Yup. Practically speaking though, it should be able to handle light off roading and a comfortable camping interior. It'd be nice to get the heavy duty, but we talked about it last night, and he said he might keep an eye out for a good clean heavy duty and buy a second if he ends up really getting into it. There's also the approach of a "beef up what breaks until you get there" style build. This is his first car project, but I did my best to convey as much experiential tips as possible. I think it'll do him well. Besides, lots more build parts lots cheaper for the lighter duty trucks, so that'll lower some of the price barrier for having fun with it.
I typically live by the "better to have it and not need it, than need it and not have it" rule of thumb and not worry about ever needing to beef anything up. Would a 1500 pull my boat, maybe, but the 2500 will do it easier and safer without worrying about the trans or brakes with the cruise set at 75. The beefier components will also last much longer than the 1500 when used off road. Only "upside" to the gmt 800 with the 1500 chassis is it has rear coil springs and rides a tad smoother than the 2500 that has rear leaf springs.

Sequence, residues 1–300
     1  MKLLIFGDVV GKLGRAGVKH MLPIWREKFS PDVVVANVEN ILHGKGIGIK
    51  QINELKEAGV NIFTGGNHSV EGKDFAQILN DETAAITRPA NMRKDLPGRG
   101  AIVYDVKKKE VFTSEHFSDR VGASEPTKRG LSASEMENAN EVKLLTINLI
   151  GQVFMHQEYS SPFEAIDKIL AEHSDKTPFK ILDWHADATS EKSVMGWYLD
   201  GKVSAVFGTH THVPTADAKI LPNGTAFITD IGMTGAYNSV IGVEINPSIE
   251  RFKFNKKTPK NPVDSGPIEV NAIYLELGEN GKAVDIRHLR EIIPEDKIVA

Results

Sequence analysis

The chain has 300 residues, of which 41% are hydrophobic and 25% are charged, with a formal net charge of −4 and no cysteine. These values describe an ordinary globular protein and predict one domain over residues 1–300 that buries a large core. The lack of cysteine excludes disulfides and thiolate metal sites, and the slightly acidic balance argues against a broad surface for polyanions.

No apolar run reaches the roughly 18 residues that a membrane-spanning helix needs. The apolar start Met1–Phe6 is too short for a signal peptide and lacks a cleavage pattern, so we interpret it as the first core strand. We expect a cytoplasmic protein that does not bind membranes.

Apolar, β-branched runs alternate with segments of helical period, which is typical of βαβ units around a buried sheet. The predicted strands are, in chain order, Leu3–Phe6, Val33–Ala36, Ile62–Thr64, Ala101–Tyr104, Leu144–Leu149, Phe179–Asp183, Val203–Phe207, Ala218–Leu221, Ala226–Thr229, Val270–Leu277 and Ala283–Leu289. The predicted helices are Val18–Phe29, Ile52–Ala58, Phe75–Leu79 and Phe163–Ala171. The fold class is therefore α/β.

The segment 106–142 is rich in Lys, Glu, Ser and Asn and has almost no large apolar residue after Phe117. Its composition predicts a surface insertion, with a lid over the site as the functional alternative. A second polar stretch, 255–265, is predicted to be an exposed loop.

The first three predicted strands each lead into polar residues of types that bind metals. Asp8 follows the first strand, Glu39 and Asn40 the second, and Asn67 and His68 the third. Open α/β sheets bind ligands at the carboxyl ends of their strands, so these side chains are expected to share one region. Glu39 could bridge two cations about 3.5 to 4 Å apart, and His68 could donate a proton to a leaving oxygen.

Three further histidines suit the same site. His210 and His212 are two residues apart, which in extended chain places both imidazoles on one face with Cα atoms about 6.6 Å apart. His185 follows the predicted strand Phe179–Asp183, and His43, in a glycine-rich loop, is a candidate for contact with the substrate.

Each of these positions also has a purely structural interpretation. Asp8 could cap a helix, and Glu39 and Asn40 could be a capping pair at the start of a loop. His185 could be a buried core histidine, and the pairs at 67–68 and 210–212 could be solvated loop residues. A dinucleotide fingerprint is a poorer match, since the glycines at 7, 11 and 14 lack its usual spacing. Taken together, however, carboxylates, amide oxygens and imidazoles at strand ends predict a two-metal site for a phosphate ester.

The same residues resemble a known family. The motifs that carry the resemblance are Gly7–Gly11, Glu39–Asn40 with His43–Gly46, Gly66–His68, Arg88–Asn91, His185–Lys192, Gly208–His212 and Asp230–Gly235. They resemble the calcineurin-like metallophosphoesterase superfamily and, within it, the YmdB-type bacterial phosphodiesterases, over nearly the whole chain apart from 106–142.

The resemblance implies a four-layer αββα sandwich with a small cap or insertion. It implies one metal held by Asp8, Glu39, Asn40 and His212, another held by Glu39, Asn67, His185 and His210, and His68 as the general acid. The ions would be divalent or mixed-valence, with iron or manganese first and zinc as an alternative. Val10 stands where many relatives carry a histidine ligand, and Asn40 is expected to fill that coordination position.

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spectre6000

Observer
I typically live by the "better to have it and not need it, than need it and not have it" rule of thumb and not worry about ever needing to beef anything up.
I'm with you 110%. I'm really bad about over engineering things. We discussed the pros, cons, and other at length. Essentially, it was decided that, for the budget we're playing with, it'll get the job done nicely. If and/or when it doesn't, it'll be addressed at that time. Part of the timing of this buy is that he and his wife share a car (they both work the same hours at the same university, so there's really not much of a reason for two cars), and their car was totalled a few weeks back. I lent them my BMW 330i to drive around while they find something, but they're eager to get back in their own car. It would very likely take several months to find a 2500 half as clean as this 1500, and honestly, I've gone through a lot of cars and made money on all of them exclusive of gas, insurance, and one that got totalled. If we needed to, we could turn it around if and when he finds a good 2500 and probably make a few bucks. Low risk.

Martinjmpr said:
What year and engine?
It's a 350, but I don't recall the year off the top of my head. Post-1997 and Pre-2000 or whenever they switched to the LS blocks. The search strategy was to find everything on CL from private sellers that fit the criteria, then stack appointments until we find a keeper. We looked at a dozen or so Suburbans last weekend, and they all bleed together in my head.